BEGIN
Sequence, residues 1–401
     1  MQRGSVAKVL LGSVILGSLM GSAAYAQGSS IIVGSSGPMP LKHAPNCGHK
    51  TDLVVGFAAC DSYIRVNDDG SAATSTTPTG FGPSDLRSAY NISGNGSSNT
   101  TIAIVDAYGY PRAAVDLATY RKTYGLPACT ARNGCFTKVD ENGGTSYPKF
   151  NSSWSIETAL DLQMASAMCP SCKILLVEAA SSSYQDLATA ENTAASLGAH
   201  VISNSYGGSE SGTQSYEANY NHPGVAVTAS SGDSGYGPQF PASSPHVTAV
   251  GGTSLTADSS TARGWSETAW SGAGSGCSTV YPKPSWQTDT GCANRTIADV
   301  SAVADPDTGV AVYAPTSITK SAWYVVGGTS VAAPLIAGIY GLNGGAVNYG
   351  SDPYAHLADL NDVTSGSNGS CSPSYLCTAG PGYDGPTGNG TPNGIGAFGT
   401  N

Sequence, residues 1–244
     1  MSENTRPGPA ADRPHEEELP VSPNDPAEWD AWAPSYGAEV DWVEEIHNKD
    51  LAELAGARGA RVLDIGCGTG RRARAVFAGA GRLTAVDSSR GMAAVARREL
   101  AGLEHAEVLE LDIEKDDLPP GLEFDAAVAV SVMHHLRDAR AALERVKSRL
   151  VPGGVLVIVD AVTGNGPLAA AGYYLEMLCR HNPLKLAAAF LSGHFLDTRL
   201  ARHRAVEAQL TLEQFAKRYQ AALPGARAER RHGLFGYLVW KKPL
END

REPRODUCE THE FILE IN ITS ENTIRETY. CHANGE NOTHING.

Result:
Sequence, residues 1–401
     1  MQRGSVAKVL LGSVILGSLM GSAAYAQGSS IIVGSSGPMP LKHAPNCGHK
    51  TDLVVGFAAC DSYIRVNDDG SAATSTTPTG FGPSDLRSAY NISGNGSSNT
   101  TIAIVDAYGY PRAAVDLATY RKTYGLPACT ARNGCFTKVD ENGGTSYPKF
   151  NSSWSIETAL DLQMASAMCP SCKILLVEAA SSSYQDLATA ENTAASLGAH
   201  VISNSYGGSE SGTQSYEANY NHPGVAVTAS SGDSGYGPQF PASSPHVTAV
   251  GGTSLTADSS TARGWSETAW SGAGSGCSTV YPKPSWQTDT GCANRTIADV
   301  SAVADPDTGV AVYAPTSITK SAWYVVGGTS VAAPLIAGIY GLNGGAVNYG
   351  SDPYAHLADL NDVTSGSNGS CSPSYLCTAG PGYDGPTGNG TPNGIGAFGT
   401  N

Sequence, residues 1–244
     1  MSENTRPGPA ADRPHEEELP VSPNDPAEWD AWAPSYGAEV DWVEEIHNKD
    51  LAELAGARGA RVLDIGCGTG RRARAVFAGA GRLTAVDSSR GMAAVARREL
   101  AGLEHAEVLE LDIEKDDLPP GLEFDAAVAV SVMHHLRDAR AALERVKSRL
   151  VPGGVLVIVD AVTGNGPLAA AGYYLEMLCR HNPLKLAAAF LSGHFLDTRL
   201  ARHRAVEAQL TLEQFAKRYQ AALPGARAER RHGLFGYLVW KKPL